Press reports indicate that the Chancellor will reform tax relief for pension contributions in his March Budget.
In the July 2015 Budget the Chancellor launched a consultation on ‘tax incentivised saving’. It focussed on the tax cost of the existing pension system but made few proposals about how it could be reformed. The expectation was that we would see more detail alongside the Autumn Statement but all we learned when November came was that an answer would have to await this month’s Budget in March 2016.
Speculation has started to circulate about what Mr Osborne might do. The latest suggest that he has abandoned the idea of turning pensions into ISAs (no tax relief for contributions, but no tax on benefits) and instead the Treasury is reported to be considering a single flat rate of tax relief, irrespective of the contributor’s marginal income tax rate(s).
Such a change would be good news for basic rate taxpayers, but not for 40% or 45% taxpayers. From the Chancellor’s viewpoint a flat rate approach to tax relief could save billions in tax relief while still benefiting the majority of people putting money into pensions: at present basic rate taxpayers make half of all pension contributions but receive only 30% of the pension tax relief given.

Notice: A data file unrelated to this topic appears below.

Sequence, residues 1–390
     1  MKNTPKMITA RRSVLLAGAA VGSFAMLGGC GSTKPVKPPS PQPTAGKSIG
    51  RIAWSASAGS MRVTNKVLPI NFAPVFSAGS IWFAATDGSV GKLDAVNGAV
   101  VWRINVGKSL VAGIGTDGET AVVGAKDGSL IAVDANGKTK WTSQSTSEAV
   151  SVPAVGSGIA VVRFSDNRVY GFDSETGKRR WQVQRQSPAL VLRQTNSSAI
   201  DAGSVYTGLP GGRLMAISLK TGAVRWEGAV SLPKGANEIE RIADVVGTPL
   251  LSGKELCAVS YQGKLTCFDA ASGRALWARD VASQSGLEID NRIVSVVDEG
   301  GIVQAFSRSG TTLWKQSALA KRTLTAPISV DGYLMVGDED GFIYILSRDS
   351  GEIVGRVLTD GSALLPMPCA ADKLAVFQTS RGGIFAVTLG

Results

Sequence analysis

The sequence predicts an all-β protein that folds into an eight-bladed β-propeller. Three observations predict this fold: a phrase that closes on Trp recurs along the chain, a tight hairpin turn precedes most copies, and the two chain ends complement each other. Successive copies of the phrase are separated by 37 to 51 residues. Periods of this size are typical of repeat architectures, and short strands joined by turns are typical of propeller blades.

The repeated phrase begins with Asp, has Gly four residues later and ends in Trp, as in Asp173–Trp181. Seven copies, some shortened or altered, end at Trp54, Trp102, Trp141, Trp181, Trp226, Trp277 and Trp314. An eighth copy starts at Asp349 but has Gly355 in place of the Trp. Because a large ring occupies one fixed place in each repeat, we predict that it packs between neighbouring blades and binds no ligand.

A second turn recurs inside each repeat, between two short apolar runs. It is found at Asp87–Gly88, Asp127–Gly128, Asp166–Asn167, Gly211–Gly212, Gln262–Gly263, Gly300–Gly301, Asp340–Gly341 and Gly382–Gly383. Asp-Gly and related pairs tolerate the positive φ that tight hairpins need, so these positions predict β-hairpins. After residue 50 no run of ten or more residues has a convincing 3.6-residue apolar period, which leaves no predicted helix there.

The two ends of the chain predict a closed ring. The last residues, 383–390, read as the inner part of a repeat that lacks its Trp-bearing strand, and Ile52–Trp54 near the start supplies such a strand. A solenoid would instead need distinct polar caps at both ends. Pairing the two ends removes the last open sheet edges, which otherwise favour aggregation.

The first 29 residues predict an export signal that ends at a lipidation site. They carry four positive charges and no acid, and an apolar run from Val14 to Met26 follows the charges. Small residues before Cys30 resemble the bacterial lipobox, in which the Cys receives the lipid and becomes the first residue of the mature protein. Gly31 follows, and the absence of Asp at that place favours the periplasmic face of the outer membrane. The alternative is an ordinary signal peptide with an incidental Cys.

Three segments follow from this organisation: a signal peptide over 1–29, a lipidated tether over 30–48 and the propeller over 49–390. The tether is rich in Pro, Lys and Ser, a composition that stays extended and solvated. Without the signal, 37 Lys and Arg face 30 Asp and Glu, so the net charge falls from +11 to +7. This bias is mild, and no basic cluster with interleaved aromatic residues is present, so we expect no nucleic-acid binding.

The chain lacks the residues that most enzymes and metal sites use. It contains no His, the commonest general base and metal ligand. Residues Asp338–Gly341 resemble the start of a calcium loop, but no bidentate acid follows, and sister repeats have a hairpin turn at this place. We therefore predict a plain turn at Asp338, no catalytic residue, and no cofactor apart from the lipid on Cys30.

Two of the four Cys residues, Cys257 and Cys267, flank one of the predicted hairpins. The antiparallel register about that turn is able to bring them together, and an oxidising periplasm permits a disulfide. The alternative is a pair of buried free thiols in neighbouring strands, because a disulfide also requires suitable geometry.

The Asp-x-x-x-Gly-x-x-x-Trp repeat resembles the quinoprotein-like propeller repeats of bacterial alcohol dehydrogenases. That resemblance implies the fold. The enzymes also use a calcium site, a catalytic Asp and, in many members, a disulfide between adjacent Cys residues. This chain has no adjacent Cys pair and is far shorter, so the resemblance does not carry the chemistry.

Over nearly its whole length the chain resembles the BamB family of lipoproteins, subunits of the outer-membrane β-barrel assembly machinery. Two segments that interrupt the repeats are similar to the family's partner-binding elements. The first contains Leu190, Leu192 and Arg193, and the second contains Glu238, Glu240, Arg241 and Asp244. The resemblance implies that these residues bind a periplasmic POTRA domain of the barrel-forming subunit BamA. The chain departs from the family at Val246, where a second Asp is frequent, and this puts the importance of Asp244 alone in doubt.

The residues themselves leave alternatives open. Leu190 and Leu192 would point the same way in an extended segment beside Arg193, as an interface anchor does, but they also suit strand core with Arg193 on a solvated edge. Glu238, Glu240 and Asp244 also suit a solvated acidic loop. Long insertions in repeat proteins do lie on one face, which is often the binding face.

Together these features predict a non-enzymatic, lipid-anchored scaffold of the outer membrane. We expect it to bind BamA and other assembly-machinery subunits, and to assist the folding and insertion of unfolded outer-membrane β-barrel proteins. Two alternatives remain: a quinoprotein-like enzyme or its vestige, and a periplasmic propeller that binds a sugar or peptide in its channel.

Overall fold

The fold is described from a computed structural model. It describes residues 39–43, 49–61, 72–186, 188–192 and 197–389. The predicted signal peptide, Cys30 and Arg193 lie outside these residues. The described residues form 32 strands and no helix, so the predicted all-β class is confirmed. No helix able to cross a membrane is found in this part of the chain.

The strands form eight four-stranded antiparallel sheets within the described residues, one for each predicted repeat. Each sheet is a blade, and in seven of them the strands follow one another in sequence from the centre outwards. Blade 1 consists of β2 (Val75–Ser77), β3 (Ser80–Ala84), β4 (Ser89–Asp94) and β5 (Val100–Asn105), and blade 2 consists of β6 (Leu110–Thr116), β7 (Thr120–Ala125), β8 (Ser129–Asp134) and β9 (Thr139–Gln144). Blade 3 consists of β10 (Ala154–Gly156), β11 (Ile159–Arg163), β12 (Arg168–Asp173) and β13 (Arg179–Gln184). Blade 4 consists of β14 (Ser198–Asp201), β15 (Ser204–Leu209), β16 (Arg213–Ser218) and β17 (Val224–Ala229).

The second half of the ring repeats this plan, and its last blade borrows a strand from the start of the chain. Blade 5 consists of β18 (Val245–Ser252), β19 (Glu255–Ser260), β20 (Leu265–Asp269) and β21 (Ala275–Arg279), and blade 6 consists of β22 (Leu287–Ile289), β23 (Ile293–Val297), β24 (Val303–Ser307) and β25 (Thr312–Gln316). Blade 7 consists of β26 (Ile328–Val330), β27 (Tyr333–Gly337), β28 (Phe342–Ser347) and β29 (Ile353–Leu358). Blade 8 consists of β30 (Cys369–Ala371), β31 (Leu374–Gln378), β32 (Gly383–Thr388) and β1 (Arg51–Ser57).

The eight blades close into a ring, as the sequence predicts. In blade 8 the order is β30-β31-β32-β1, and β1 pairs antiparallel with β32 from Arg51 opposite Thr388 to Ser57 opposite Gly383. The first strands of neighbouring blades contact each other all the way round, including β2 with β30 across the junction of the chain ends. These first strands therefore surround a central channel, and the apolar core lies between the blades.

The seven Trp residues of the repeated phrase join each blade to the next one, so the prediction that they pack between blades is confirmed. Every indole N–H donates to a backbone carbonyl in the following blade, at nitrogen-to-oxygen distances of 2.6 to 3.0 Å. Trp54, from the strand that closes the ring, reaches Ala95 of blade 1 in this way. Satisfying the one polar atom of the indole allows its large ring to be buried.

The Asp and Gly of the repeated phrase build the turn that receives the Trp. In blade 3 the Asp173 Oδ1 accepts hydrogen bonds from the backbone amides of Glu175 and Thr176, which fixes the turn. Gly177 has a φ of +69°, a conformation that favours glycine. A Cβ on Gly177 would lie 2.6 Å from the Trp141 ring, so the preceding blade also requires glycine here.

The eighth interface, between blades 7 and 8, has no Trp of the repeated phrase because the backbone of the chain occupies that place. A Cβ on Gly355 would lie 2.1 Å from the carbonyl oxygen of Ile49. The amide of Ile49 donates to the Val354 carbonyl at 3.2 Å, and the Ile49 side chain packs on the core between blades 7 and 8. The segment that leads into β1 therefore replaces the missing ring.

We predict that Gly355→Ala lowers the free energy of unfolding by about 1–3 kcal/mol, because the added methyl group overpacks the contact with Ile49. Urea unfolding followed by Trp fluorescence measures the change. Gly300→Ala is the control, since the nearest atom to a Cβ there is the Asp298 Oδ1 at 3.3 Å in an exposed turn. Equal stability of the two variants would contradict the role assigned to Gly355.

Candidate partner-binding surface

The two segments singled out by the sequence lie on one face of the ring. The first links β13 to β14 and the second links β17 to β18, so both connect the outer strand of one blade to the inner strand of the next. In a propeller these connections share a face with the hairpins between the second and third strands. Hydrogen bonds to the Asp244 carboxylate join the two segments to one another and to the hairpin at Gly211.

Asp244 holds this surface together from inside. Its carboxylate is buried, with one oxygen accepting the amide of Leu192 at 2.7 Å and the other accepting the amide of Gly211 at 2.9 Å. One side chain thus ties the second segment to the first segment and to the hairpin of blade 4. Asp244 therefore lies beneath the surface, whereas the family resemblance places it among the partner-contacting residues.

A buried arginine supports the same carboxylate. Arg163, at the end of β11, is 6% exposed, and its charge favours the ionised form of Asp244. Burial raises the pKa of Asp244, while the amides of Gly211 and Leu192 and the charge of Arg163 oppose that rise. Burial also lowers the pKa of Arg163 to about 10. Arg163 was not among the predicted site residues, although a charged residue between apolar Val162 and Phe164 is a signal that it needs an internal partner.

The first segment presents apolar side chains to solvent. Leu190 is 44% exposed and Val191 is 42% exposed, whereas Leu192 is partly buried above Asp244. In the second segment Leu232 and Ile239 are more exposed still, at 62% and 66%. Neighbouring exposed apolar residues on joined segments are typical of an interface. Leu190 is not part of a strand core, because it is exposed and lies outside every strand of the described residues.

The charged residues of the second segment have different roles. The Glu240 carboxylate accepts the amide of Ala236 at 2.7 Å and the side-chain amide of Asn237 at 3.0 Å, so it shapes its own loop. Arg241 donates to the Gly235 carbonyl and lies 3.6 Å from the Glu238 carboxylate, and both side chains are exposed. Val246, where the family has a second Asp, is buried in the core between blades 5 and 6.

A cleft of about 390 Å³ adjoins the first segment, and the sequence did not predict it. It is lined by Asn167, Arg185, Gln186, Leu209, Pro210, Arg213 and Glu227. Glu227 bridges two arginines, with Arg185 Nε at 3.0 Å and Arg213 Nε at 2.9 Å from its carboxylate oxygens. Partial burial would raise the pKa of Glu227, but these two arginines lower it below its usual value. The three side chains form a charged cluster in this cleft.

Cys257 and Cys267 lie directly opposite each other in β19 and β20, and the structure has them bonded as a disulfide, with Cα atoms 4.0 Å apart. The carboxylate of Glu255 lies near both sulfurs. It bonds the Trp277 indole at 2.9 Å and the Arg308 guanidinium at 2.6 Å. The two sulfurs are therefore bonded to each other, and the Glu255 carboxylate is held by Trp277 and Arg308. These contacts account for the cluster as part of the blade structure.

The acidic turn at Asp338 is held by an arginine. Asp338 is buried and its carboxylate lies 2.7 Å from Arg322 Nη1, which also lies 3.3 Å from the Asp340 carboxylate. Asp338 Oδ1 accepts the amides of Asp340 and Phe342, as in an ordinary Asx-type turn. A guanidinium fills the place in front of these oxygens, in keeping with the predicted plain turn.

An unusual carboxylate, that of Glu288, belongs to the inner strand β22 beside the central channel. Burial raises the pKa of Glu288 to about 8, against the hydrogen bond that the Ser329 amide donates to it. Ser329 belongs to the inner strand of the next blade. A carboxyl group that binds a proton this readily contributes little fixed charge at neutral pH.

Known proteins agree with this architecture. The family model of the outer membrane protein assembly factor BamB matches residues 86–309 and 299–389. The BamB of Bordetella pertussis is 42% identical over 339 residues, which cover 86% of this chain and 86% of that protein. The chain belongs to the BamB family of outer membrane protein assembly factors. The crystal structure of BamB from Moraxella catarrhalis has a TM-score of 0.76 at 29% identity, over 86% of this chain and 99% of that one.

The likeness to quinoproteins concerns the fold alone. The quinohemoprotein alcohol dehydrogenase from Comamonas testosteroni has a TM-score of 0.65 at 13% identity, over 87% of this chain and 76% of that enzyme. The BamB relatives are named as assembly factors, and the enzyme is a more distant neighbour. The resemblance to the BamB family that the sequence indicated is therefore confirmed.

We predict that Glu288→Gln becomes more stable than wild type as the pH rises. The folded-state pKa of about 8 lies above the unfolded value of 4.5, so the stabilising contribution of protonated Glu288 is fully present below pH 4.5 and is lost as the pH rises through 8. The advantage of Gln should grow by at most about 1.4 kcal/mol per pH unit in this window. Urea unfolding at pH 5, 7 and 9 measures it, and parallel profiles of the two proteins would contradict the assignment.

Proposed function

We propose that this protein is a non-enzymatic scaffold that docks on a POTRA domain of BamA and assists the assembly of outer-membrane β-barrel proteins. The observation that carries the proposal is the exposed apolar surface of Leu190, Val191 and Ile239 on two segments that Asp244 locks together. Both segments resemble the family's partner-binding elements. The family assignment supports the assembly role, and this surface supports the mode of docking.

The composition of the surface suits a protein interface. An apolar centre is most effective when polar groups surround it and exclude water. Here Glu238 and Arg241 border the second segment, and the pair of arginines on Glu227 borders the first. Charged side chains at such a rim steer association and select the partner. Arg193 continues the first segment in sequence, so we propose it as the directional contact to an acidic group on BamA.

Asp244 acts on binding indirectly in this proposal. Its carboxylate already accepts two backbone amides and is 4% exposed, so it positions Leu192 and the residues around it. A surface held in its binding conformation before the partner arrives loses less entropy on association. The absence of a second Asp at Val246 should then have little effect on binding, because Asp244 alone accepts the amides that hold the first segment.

Whether or not this reform happens, the rumours are a reminder that now is a good time to review pension contributions. The Chancellor already has two cuts lined up for 6 April in the form of a 20% reduction to the lifetime allowance and a phased reduction in the annual allowance for high earners.
Former pensions minister Steve Webb feels that it is highly unlikely that the tax-free lump sum concession will be removed from existing pension pots in the coming Budget. If the Chancellor announces replacement of the existing pension system it will only apply to future savings, Webb predicts.